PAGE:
The four teenage girls involved in the beating of 14-year-old Adriana Kuch, which her father says drove her to take her life, have had their charges upgraded in New Jersey.
Kuch was found dead in her home in Bayville on February 3, days after an horrific video spread online showing her being set upon by a group of bullies in the hallways of Central Regional High School.
The four alleged attackers were initially slapped with third-degree assault charges and one also charged charged with disorderly conduct after they were also suspended indefinitely from school.
Ocean County Prosecutor Bradley D. Billhimer announced on Friday that the charges against the teens had been upgraded.
One is now charged with aggravated assault, and could face court as an adult, one with harassment and two with conspiracy to commit aggravated assault.
According to her father Kuch was ‘smashed in the face three times with a water bottle’ and ‘blacked out.’ He then had to take his blood covered daughter to the police station to file a report because the school refused to do so
Adriana Kuch, attended Central Regional High School in Berkeley Township, and was found dead at her home two days after the shocking video surfaced on Feb 1, said police
Billhimer said: ‘Each juvenile and their guardian was served with a copy of their complaint and are released pending future court appearances.’
None of the teens behind the attack have been identified.
The 20-second viral clip shows several students attacking the teen and hitting her with a water bottle as she walked with her boyfriend.
Bystanders are also seen laughing at Adriana after she was punched, kicked and had her hair pulled, while she lay in the fetal position on the floor of the school hallway.
One of the attackers could be heard yelling, ‘That’s what you get you stupid a** b****.’
According to New Jersey law, minors charged with more serious offenses, such as assault, can be tried in adult criminal court.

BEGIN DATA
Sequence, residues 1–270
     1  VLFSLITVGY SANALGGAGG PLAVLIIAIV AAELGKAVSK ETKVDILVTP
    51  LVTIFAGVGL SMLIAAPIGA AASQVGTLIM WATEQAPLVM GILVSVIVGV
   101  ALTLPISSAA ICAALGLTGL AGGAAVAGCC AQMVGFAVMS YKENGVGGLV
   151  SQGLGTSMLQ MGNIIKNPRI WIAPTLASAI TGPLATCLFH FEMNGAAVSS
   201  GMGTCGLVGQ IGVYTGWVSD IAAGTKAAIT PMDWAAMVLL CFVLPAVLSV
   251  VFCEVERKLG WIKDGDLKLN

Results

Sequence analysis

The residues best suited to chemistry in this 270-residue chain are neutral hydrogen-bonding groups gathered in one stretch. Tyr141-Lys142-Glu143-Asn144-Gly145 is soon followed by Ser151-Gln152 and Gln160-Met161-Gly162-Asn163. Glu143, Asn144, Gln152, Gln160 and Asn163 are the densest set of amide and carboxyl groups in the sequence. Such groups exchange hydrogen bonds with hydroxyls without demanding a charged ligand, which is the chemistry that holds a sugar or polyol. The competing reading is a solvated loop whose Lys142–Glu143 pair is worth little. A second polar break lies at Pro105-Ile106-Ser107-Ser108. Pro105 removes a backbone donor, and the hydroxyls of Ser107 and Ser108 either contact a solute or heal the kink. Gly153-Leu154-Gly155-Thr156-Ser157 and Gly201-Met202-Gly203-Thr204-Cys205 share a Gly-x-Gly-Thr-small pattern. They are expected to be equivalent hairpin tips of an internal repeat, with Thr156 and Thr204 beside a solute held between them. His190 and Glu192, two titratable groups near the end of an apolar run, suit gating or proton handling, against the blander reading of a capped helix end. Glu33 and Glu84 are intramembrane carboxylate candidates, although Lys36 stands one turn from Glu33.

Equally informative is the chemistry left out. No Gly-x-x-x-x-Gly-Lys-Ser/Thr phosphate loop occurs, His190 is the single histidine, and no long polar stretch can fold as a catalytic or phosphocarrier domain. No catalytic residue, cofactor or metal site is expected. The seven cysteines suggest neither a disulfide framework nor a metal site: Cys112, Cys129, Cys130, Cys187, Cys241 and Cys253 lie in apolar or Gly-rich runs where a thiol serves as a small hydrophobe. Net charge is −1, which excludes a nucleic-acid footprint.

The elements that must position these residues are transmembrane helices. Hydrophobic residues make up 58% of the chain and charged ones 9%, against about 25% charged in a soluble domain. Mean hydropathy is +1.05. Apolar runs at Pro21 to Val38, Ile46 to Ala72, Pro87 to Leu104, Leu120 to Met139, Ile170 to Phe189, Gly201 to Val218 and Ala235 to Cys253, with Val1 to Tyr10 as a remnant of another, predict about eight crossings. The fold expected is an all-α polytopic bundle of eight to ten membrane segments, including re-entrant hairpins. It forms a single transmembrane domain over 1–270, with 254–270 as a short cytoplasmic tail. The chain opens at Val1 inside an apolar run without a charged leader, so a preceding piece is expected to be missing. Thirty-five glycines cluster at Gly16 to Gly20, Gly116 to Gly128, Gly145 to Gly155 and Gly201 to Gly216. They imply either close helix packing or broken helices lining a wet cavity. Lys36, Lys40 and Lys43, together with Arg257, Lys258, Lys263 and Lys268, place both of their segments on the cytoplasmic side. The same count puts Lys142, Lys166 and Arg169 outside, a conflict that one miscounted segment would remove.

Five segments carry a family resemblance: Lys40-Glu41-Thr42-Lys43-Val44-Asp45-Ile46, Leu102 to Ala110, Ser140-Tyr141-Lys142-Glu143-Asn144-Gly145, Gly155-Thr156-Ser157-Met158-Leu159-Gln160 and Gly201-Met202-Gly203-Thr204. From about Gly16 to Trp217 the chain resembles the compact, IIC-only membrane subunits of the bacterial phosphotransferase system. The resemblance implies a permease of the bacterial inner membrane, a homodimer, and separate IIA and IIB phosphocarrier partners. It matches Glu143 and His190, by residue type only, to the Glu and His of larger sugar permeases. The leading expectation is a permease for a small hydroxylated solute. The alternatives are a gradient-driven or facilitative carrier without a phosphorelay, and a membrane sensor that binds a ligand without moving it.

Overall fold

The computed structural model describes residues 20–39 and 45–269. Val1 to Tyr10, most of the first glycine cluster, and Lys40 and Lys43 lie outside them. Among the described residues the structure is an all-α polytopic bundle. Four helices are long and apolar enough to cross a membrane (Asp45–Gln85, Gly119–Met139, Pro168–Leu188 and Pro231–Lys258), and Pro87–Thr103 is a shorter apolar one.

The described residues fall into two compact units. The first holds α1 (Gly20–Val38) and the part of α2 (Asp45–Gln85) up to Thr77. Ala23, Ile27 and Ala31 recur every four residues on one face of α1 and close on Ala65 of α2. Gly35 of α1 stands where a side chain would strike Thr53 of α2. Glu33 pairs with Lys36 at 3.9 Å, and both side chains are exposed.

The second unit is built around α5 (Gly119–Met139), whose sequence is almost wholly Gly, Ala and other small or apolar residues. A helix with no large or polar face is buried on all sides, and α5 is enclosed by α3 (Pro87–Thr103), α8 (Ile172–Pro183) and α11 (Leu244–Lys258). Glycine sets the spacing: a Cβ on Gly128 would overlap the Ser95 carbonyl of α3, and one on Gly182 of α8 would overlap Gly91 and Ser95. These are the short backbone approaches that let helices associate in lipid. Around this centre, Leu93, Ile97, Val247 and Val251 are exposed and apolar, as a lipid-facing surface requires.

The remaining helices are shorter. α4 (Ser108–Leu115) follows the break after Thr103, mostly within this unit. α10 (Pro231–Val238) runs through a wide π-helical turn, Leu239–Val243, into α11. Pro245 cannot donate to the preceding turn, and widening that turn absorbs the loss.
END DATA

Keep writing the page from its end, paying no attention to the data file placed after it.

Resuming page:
The decision on whether or not to charge as an adult lies with the prosecutor.
The penalty for a conviction of aggravated assault in New Jersey is anywhere between 18 months and 10 years in prison.
Harassment and conspiracy charges against a minor are less likely to be taken to criminal court.
Kuch’s father Michael told DailyMail.com Friday that the school’s board were reluctant to expel the bullies because they were fearful of a loss in revenue.
He said: ‘If my daughter is only worth $23,000 a head to them then because they would lose four students then what is anybody’s kid worth.’
Kuch’s family said the teen’s funeral, which was due to take place on Saturday, has now been canceled.
There were no members of Central Regional High School’s faculty present at the visitation on Friday evening.
Michael Kuch, shown here on Friday at his daughter’s visitation, told DailyMail.com that he in discussions with a family lawyer regarding the family’s next legal steps
Michael Kuch speaking to DailyMail.com outside of his daughter’s visitation
Michael told DailyMail.com that his daughter was not suspended in the days leading up to her death but was told not to return until injuries as she may have been subjected to further ridicule.
‘We can’t stop crying this is the last time I’m ever going to see her.
‘It was not supposed to happen we heard it over and over again your child isn’t supposed to go before you.’
School superintendent Triantafillos Parlapanides tried to deflect blame away from his department following the tragedy.
‘Her father was having an affair at the end of her 6th grade. Her father married the woman he had an affair with and moved her into the house’ de told DailyMail.com.
‘Her grades and choices declined in 7th and 8th grade. We offered her drug rehab and mental services on five occasions but the father refused every time.’
Michael slammed Parlapanides for his comments in the aftermath of his daughter’s death.
‘What’s insensitive is him going on social media and defending his actions and attacking other people,’ he said.
‘The administration needs to be completely shaken up and by shaken up I mean they need to be removed.’
‘I don’t know why he’s been there that long I have no idea why that man still has a job.’
Michael went on to say that he is in discussions with a lawyer regarding the family’s next legal steps.
He also said that attorneys from across the country have been in contact with him.